Shortly thereafter, Mills appeared alongside her father and Hywel Bennett in director Roy Boulting's critically acclaimed film The Family Way (1966), a comedy about a couple having difficulty consummating their marriage, featuring a score by Paul McCartney and arrangements by Beatles producer George Martin. She began a romantic relationship with Boulting and they eventually married, in 1971.
Mills made another movie for Boulting, the controversial horror thriller Twisted Nerve in 1968, along with her Family Way co-star Hywel Bennett. She made a comedy, Take a Girl Like You (1970), with Oliver Reed and made her West End debut in The Wild Duck in 1970. She worked for Boulting again on Mr. Forbush and the Penguins (1971), replacing the original female lead.
In 1972 Mills again acted opposite Hywel Bennett in Endless Night along with Britt Ekland, Per Oscarsson and George Sanders. It is based on the novel Endless Night by Agatha Christie. She made two films for Sidney Hayers, What Changed Charley Farthing? (1974) and Deadly Strangers (1975). After The Kingfisher Caper in 1975, co-written by Boulting, Mills dropped out of the film industry for a few years.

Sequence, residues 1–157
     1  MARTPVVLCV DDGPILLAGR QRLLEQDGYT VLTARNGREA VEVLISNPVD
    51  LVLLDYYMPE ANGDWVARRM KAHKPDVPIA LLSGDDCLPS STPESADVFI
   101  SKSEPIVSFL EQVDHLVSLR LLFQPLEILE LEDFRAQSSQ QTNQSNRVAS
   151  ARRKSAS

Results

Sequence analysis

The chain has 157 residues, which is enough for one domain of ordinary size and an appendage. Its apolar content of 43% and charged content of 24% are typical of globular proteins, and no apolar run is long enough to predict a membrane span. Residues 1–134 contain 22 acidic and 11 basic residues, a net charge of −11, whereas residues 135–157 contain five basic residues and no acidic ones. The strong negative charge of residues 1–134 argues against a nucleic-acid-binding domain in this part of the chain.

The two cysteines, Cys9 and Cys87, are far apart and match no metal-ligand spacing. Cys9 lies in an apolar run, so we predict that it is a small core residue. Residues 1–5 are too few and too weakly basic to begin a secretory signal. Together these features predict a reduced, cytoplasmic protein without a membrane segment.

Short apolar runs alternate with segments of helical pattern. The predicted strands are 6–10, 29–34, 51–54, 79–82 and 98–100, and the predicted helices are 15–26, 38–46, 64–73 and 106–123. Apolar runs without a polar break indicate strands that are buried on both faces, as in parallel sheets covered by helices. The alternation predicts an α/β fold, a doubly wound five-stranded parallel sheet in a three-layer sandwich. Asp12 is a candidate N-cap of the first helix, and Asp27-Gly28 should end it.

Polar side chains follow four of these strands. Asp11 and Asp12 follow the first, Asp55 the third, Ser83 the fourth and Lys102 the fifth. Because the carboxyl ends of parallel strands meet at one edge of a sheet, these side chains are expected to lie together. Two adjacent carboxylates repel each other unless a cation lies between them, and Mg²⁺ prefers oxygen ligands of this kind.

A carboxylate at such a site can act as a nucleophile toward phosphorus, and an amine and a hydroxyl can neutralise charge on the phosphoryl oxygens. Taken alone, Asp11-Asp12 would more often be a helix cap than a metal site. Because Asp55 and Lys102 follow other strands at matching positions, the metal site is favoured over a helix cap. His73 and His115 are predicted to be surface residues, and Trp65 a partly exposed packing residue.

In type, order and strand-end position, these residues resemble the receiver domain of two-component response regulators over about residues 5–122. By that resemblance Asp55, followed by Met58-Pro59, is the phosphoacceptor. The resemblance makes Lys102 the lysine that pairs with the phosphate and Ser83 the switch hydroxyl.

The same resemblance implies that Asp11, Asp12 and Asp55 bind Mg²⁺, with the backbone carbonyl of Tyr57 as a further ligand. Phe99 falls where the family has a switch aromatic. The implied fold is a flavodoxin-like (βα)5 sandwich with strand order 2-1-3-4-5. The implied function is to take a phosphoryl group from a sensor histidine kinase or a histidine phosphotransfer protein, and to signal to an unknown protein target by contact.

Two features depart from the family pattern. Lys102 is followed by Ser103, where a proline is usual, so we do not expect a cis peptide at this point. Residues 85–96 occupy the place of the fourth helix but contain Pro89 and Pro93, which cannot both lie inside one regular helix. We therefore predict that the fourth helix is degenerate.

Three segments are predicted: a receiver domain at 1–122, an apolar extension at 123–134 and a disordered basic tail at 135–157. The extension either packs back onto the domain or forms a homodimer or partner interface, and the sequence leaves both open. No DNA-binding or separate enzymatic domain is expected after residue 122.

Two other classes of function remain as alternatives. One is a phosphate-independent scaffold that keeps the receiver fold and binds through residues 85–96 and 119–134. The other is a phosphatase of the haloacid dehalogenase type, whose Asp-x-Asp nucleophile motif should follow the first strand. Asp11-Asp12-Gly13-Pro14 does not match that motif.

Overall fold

Television resurgence and reception
In 1981 Mills returned to acting with a starring role in the UK television mini-series The Flame Trees of Thika, based on Elspeth Huxley's memoir of her childhood in East Africa. The series was well received, prompting Mills to accept more acting roles. She then returned to America and made two appearances on The Love Boat.
Always welcomed at Disney, Mills narrated an episode of The Wonderful World of Disney, sparking renewed interest in her Disney work. In 1985, Mills was originally considered to voice Princess Eilonwy in Disney's 25th animated feature film The Black Cauldron, but was later replaced by the veteran British voice actress Susan Sheridan. Later, Mills reprised her roles as twins Sharon and Susan for a trio of Parent Trap television films: The Parent Trap II, Parent Trap III, and Parent Trap: Hawaiian Honeymoon. Mills also starred as the title character in the Disney Channel-produced television series Good Morning, Miss Bliss in 1987. The show was cancelled after 13 episodes and the rights were acquired by NBC, which reformatted Good Morning, Miss Bliss into Saved by the Bell without any further involvement from Mills. In recognition of her work with The Walt Disney Company, Mills was awarded the Disney Legends award in 1998.